Brian Coords:
WordPress just doesn’t work that way. WordPress is open source and it’s owned by everybody who’s a part of it and that wants to contribute to it. And so at a certain point, we’re going to see all these different directions that it wants to go. But the beauty of WordPress is when it pulls that off well and you can use it for anything. But it may not be the best solution for that one thing that you’re trying to do.

Nyasha Green:
So with that being said, do you think WordPress is still the best choice for a development agency?

Brian Coords:
I would say that in 99% of situations, WordPress is still going to be the best choice. Because the thing about WordPress, I think, that’s the most important part of it is not really the actual core software of WordPress, which is great and is useful. But it’s really the ecosystem and the community. And if you were to walk away from WordPress and go move to some other platform and stuff, it’s like leaving where you live or it’s like leaving a religion or something where you’re just now you have to come redo everything from scratch. Whether it’s how you do contact forms to what hosting companies you use to all this stuff.

Brian Coords:
And there’s so much that is so good about the entire ecosystem and all the relationships and all the
community things that you join and the online groups and the blogs and all that stuff. And it’s to walk away from all of that, just for a few better features or a little bit of better performance, to me, is just not worth it, at this point. I would much rather just stay here and try to make it better and find ways to energize the community and just stand up for WordPress.

Nyasha Green:
Awesome. I agree. I have my issues with WordPress, but I have no intention on leaving and I am coming to California. I know you mentioned Trader Joe is getting crowded. We could just carpool. We’ll make it work. We’ll make California work. We’ll make WordPress work. I’m ready. I’m ready for it.

Brian Coords:
I think all of WordPress is coming to California for Word Camp US this year. So I’m definitely looking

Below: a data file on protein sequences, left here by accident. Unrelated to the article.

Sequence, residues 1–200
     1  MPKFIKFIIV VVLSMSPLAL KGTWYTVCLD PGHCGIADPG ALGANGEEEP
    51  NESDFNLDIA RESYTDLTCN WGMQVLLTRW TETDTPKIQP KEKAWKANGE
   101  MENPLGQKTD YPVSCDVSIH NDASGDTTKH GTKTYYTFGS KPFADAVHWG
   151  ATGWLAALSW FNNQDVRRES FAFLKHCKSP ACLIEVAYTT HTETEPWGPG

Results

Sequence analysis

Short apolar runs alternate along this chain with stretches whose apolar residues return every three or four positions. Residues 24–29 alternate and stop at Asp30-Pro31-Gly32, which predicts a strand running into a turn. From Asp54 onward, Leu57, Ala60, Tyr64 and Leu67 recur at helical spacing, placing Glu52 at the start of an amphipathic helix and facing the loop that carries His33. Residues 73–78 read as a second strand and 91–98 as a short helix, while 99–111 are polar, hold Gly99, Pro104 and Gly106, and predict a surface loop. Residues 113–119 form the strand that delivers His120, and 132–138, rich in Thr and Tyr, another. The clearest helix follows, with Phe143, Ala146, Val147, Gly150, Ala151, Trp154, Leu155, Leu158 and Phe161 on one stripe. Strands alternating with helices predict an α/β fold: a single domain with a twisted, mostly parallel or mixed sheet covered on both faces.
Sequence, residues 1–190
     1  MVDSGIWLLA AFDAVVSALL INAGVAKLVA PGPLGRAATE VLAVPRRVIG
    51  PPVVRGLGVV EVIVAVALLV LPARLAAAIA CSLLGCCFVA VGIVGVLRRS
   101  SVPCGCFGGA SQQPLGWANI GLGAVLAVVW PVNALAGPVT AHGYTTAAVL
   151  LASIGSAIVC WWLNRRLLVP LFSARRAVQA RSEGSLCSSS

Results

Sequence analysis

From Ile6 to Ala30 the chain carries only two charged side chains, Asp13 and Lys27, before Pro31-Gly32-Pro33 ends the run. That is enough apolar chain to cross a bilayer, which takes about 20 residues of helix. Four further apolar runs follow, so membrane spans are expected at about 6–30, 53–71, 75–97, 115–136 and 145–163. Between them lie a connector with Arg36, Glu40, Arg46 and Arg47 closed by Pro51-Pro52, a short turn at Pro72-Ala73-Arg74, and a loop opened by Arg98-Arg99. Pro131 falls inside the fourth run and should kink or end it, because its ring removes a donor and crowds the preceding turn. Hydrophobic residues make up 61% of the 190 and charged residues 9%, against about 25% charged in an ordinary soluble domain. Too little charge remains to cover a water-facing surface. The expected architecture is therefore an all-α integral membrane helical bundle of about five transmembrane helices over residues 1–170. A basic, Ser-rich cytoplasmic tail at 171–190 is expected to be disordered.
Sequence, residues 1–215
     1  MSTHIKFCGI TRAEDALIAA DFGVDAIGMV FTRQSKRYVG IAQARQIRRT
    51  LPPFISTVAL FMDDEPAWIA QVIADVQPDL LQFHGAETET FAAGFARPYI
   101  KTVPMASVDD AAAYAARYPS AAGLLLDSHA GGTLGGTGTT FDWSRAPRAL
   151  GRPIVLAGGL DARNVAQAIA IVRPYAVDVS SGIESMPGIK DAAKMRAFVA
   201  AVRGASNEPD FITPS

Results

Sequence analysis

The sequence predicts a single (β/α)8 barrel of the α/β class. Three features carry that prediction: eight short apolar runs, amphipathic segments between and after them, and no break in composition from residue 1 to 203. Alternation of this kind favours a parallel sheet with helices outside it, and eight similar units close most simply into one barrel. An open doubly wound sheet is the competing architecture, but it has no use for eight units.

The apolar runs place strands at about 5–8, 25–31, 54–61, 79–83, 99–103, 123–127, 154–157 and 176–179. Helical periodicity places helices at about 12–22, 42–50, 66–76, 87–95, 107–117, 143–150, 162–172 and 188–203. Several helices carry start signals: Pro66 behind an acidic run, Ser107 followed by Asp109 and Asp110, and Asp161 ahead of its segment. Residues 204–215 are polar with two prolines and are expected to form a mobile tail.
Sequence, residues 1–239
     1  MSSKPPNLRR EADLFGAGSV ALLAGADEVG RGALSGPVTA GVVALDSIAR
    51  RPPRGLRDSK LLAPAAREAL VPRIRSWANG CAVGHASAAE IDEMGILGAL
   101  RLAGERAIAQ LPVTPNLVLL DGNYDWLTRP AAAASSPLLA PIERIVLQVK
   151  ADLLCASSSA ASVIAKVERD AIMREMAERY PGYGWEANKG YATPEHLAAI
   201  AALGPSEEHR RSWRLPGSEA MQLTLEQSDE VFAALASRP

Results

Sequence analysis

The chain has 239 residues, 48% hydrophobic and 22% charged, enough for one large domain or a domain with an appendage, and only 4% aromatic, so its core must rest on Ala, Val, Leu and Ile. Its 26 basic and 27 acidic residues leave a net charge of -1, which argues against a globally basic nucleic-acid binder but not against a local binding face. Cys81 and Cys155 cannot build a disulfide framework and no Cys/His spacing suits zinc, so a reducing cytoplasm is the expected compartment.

forward to that. They picked San Diego, which is in my opinion, the best part of California, by a long
shot. I think I could never go to Los Angeles again. But San Diego where I used to live there and it’s the perfect city. So I’m super excited about that. So we’re going to flood California with some WordPress energy.

Nyasha Green:
Yes. And it’s going to be so great. And so what you’re telling me is I should house hunt at Word Camp too, like after hours. That’s what you’re telling me.

Brian Coords:
Yeah. If you can house hunt in San Diego… Yeah. Good luck. Oh man. But yes, you should definitely. I’m going to show you all the best neighborhoods. The best part about San Diego is there’s the nice big downtown tourist neighborhood. And then there’s the real San Diego and there’s so many cool
neighborhoods and coffee shops and craft breweries and all that outdoor patios and all that great stuff. So yeah, definitely we’ll house hunt. We’ll craft beer hunt and we’ll find one of the classic donut shops or something.

Nyasha Green:
Great. Great. I can’t wait. Well, Brian, it’s been so great speaking with you today and I’m ready to see
what WordPress does and I’m ready to see if people will stay, leave and I’m ready to see what happens next.

Brian Coords:
Thanks. It was really great talking to you.

Monet Davenport:
Thank you for listening to this episode. Press the Issue is a production of Master WP produced by Allie Nimmons. Hosted, edited, and musically supervised by Monet Davenport. And mixed and mastered by Teron Bullock. Please visit masterwp.com/presstheissue to find more episodes. Subscribe to our newsletter for more WordPress news at masterwp.com